Prediction of Red Wine Quality

In Kaggle platform, there is an example dataset about

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import pandas as pd
 
from sklearn.preprocessing import StandardScaler
from sklearn.ensemble import ExtraTreesClassifier
from sklearn.svm import SVC
from sklearn.model_selection import cross_val_score
 
# Read dataset
wine = pd.read_csv('~/Downloads/winequality-red.csv', sep = ';')
attrs = wine.drop(['quality'], axis = 1)
header = list(attrs)
attrs = attrs.values
 
# Use scaler to normalize data
scaler = StandardScaler()
scaled_attrs = scaler.fit_transform(attrs)
 
quality = wine['quality'].values
 
# SVM classifier
svr = SVC(kernel = 'rbf', max_iter = -1)
svr.fit(attrs, quality)
 
# Randomized decison trees classifier
dt = ExtraTreesClassifier()
dt.fit(attrs, quality)
 
ls = list(zip(dt.feature_importances_, header))
ls.sort(key = lambda x: x[1])
for importance, name in ls:
    print(name, importance)
 
print('\n\n')
 
# Cross validation on this two classifiers
for reg in [svr, dt]:
    scores = cross_val_score(reg, attrs, quality, scoring = 'neg_mean_squared_error', cv = 10)
    rmse = -scores
    print(reg)
    print(rmse.mean(), rmse.std())
    print('\n')

The results reported by snippet above:

Looks the most important feature to predict quality of red wine is ‘alcohol’. Intuitively, right?

Use PCA (Principal Component Analysis) to blur color image

I wrote an example of blurring color picture by using PCA from scikit-learn:

But it reports

The correct solution is transforming image to 2 dimensions shape, and inverse transform it after PCA:

It works very well now. Let’s see the original image and blurring image:



Original Image



Blurring Image

Do tf.random_crop() operation on GPU

When I run code like:

it reports:

Looks operation tf.random_crop() doen’t have CUDA kernel implementation. Therefore I need to write it myself. The solution is surprisingly simple: write a function to do random_crop on one image by using tf.random_uniform() and tf.slice(), and then use tf.map_fn() to apply it on multi-images.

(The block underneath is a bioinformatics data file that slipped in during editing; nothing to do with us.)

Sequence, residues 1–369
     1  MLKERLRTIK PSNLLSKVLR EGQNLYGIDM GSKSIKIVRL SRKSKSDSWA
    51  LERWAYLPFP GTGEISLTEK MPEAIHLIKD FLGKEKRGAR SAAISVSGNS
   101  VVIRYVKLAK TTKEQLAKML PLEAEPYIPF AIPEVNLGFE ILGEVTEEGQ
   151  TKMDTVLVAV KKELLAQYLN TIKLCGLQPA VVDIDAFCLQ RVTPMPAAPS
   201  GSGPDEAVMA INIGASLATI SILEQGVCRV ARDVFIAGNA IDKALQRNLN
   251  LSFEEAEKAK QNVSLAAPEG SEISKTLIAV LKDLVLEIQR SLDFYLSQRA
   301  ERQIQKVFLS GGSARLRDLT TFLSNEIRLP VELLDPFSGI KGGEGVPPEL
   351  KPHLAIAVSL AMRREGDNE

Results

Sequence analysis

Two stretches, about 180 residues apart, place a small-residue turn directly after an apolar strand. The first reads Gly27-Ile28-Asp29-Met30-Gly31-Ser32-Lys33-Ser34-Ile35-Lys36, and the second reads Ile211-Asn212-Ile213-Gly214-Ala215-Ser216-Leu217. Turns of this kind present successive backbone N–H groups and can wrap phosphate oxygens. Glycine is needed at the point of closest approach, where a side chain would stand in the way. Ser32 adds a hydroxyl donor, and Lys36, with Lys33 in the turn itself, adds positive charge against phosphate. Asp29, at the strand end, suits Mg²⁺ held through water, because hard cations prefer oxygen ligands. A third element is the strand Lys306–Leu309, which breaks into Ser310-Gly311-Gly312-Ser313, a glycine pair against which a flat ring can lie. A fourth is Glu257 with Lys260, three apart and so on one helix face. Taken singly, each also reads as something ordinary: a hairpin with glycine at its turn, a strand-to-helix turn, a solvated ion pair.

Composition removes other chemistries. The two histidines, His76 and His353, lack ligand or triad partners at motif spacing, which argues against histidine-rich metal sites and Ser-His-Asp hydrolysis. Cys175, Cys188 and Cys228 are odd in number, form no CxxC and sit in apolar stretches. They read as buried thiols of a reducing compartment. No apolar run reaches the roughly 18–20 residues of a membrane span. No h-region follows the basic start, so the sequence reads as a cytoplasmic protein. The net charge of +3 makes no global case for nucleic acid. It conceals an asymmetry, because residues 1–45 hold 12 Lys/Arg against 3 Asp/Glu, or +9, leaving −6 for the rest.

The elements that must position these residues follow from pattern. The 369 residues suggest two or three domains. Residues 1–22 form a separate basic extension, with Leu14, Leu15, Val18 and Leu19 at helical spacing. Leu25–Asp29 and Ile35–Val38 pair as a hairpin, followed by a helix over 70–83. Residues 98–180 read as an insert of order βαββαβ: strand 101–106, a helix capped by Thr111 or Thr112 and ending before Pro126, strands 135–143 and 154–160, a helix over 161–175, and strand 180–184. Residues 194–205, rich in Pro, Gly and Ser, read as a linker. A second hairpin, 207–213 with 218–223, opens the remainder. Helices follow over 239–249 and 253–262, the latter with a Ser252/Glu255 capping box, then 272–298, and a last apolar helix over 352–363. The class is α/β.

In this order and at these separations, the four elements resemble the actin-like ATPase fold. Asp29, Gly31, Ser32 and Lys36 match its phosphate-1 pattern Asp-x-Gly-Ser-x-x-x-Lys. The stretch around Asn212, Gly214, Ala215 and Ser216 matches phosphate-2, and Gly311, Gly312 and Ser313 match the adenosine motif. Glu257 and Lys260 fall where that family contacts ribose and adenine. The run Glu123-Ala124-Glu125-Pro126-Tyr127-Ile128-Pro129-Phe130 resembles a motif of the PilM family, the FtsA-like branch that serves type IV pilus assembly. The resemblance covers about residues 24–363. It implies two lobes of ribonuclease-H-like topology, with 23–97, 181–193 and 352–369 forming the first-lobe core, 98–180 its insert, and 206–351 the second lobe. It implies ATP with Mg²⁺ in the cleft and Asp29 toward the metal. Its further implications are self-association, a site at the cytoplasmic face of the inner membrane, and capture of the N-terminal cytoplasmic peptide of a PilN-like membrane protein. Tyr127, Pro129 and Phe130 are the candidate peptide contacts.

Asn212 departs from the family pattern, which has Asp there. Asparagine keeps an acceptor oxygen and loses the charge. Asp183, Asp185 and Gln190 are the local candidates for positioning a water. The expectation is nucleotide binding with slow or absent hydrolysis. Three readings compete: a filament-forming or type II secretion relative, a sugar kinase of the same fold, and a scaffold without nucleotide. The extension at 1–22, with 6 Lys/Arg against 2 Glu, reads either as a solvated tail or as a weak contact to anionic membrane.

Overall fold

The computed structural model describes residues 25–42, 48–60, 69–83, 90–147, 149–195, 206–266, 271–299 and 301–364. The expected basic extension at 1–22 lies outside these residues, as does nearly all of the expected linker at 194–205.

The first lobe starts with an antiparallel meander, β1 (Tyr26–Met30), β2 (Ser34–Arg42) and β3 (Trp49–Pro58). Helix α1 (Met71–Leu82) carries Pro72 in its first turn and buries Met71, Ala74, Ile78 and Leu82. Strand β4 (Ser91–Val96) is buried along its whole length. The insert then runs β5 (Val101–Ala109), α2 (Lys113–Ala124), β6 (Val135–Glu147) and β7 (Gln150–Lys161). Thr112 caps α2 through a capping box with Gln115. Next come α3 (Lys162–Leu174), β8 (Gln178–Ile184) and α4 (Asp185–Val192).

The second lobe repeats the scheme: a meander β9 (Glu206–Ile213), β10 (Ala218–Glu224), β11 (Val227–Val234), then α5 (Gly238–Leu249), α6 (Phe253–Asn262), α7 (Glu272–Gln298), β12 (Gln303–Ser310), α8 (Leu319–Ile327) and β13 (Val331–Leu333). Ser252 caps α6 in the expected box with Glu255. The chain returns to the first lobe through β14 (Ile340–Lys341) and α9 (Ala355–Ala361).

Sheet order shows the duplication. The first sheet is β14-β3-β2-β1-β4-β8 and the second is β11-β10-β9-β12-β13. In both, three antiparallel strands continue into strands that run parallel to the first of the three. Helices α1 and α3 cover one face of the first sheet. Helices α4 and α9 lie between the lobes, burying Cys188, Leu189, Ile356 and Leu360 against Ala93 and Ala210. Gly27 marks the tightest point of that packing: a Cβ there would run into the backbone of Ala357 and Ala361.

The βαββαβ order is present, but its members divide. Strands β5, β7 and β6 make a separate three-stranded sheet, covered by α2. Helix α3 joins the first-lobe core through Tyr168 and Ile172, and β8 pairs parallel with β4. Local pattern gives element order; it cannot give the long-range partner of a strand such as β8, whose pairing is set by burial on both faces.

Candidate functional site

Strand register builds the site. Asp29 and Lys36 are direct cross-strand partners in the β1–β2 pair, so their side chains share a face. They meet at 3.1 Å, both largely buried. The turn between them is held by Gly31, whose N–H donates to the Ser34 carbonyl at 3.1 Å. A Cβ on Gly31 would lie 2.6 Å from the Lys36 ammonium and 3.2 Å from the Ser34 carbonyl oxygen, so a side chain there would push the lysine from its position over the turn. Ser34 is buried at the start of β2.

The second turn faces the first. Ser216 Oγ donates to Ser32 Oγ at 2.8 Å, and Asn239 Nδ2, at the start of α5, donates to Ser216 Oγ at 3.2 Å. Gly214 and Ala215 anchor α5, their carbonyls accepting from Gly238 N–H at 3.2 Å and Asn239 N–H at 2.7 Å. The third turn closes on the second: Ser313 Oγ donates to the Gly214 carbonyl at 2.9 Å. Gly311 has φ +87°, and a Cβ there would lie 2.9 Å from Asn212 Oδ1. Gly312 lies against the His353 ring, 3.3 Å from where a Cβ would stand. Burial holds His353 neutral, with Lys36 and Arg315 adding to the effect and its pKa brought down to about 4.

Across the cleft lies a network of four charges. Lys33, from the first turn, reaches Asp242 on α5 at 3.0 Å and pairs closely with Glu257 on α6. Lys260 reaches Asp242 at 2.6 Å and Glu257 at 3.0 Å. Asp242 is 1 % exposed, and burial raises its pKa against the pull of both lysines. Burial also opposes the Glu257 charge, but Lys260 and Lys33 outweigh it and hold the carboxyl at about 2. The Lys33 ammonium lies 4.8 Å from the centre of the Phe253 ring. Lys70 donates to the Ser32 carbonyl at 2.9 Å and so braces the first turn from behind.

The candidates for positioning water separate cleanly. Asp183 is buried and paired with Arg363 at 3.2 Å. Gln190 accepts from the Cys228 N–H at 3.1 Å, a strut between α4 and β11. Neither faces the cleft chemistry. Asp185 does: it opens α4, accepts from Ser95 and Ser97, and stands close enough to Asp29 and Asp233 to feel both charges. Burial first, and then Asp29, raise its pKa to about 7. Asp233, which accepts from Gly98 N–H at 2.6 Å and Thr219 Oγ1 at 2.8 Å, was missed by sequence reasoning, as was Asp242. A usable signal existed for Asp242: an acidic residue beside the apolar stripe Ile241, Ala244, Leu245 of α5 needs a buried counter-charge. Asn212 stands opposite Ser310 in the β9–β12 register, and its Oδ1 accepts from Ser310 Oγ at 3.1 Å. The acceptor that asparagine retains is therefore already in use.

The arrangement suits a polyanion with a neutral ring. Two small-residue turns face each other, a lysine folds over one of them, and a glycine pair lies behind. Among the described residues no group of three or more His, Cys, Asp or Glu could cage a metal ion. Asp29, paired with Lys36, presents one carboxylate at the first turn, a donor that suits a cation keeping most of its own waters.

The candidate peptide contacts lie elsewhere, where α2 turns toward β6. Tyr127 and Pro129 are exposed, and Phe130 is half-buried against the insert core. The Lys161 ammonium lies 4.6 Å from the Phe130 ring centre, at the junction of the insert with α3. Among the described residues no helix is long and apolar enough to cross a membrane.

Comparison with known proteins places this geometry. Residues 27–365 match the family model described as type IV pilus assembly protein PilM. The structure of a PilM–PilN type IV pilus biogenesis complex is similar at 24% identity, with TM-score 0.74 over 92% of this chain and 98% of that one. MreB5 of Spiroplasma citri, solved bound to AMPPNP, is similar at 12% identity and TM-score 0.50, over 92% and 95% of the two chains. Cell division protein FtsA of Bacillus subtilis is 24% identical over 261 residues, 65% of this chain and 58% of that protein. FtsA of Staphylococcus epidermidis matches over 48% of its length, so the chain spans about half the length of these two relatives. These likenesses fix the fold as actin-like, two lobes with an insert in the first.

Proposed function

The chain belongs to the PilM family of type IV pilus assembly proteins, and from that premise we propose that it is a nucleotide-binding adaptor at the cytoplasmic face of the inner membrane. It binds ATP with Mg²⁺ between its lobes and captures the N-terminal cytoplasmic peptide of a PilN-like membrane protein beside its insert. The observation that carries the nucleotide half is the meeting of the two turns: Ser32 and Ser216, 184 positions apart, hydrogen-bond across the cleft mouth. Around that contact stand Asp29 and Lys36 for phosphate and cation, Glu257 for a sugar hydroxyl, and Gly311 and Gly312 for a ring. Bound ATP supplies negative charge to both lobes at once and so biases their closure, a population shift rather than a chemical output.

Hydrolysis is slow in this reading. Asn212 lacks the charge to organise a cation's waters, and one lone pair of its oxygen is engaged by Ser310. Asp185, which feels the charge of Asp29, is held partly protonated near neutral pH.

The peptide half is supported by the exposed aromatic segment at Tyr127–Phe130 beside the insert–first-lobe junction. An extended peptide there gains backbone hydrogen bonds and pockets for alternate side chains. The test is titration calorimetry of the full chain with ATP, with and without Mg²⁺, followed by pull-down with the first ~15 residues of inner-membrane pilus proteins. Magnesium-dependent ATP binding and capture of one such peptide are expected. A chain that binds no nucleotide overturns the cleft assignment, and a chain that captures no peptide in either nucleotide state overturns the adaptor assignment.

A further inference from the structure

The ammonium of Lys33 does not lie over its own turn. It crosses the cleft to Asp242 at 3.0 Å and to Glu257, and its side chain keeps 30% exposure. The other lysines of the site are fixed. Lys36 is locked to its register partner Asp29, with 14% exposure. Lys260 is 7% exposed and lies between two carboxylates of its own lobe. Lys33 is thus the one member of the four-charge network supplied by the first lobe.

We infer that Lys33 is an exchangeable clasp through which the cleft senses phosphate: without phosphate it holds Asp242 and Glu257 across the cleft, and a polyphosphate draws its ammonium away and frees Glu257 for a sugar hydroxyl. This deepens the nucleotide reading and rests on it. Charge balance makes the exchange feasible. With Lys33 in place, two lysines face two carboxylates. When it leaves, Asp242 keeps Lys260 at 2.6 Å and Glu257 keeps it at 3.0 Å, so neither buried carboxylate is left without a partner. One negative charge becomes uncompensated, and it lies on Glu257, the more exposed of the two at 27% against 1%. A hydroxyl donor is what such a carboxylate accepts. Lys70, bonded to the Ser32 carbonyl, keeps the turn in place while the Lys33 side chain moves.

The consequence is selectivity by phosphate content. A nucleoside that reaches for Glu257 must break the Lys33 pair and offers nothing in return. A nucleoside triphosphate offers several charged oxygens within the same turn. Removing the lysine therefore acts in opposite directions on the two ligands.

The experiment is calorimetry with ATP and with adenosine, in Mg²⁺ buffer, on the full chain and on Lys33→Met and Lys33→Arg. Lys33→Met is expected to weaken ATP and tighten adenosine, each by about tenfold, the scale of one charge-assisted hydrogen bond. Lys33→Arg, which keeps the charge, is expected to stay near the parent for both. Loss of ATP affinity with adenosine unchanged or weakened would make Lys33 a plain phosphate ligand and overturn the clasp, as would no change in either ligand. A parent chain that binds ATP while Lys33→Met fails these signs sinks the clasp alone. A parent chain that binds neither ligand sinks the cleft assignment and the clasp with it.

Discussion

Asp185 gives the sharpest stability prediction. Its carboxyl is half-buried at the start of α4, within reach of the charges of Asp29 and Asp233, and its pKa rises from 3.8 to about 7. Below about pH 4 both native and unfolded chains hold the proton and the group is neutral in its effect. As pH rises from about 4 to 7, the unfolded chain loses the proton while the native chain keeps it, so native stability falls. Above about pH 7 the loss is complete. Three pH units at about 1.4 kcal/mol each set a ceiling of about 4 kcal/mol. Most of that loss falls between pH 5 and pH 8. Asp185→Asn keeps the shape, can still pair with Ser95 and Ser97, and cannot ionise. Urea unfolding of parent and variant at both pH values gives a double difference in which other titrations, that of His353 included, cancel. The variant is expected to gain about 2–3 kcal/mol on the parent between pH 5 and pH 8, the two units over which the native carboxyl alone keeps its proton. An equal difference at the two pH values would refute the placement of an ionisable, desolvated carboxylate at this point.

It can run on GPU now.

Regularization loss in ‘slim’ library of Tensorflow

My python code using slim library to train classification model in Tensorflow:

It works fine. However, no matter what value the ‘weight_decay’ is, the training accuracy of the model could reach higher than 90% easily. It seems ‘weight_decay’ just doesn’t work.
In order to find out the reason, I reviewed the code of Tensorflow for ‘tf.losses.sparse_softmax_cross_entropy()’:

The ‘losses.sparse_softmax_cross_entropy()’ simply call ‘tf.nn.sparse_softmax_cross_entropy()’. Then let’s look into the implementation of ‘compute_weighted_loss()’:

The losses of ‘losses.sparse_softmax_cross_entropy()’ will be added into collection of ‘GraphKeys.LOSSES’. Then where dose the weight of parameters go ? Will they be added into same collection ? Let’s check. All the layer written by library of ‘tf.layers’ or ‘tf.contrib.slim’ are inherited from ‘class Layer’ and will call ‘add_loss()’ when this layer call ‘add_variable()’. Let’s check ‘add_loss()’ of base class ‘Layer’:

It’s weird. The loss from weight of variable has not been added into ‘GraphKeys.LOSSES’, but ‘GraphKeys.REGULARIZATION_LOSSES’. Then how could we get all the losses at training stage ? After grep ‘REGULARIZATION_LOSSES’ in whole codes of Tensorflow, it comes up with the ‘get_total_loss()’:

That is the secret of losses in ‘tf.layers’ and ‘tf.contrib.slim’: we should use ‘get_total_loss()’ to fetch model loss and regularization loss together!
After changing my code:

The ‘weight_decay’ works well now (which means training accuracy could not reach high value easily)

Using multi-GPUs for training in distributed environment of Tensorflow

I am trying to write code for training on multi-GPUs. The code is mainly from the example of ‘Distributed Tensorflow‘. I have changed the code slightly for runing on GPU:

But after launch the script below:

it reports:

Seems one MonitoredTrainingSession will occupy all the memory of GPUs. After search on google, I finally get a solution: ‘CUDA_VISIBLE_DEVICES’.
Firstly, change ‘replica_device_setter’:

and then use this shell script to launch training processes:

The ‘ps’ will only use GPU0, ‘worker0’ will only use GPU1, ‘worker1’ will only use GPU2 etc.

Reinforcement Learning example for tree search

I have been learning Reinforcement Learning for about two weeks. Although haven’t go through all the course of Arthur Juliani, I had been able to write a small example of Q-learning now.
This example is about using DNN for Q-value table to solve a path-finding-problem. Actually, the path is more looks like a tree:




The start point is ‘0’, and the destination (or ‘goal’) is ’12’.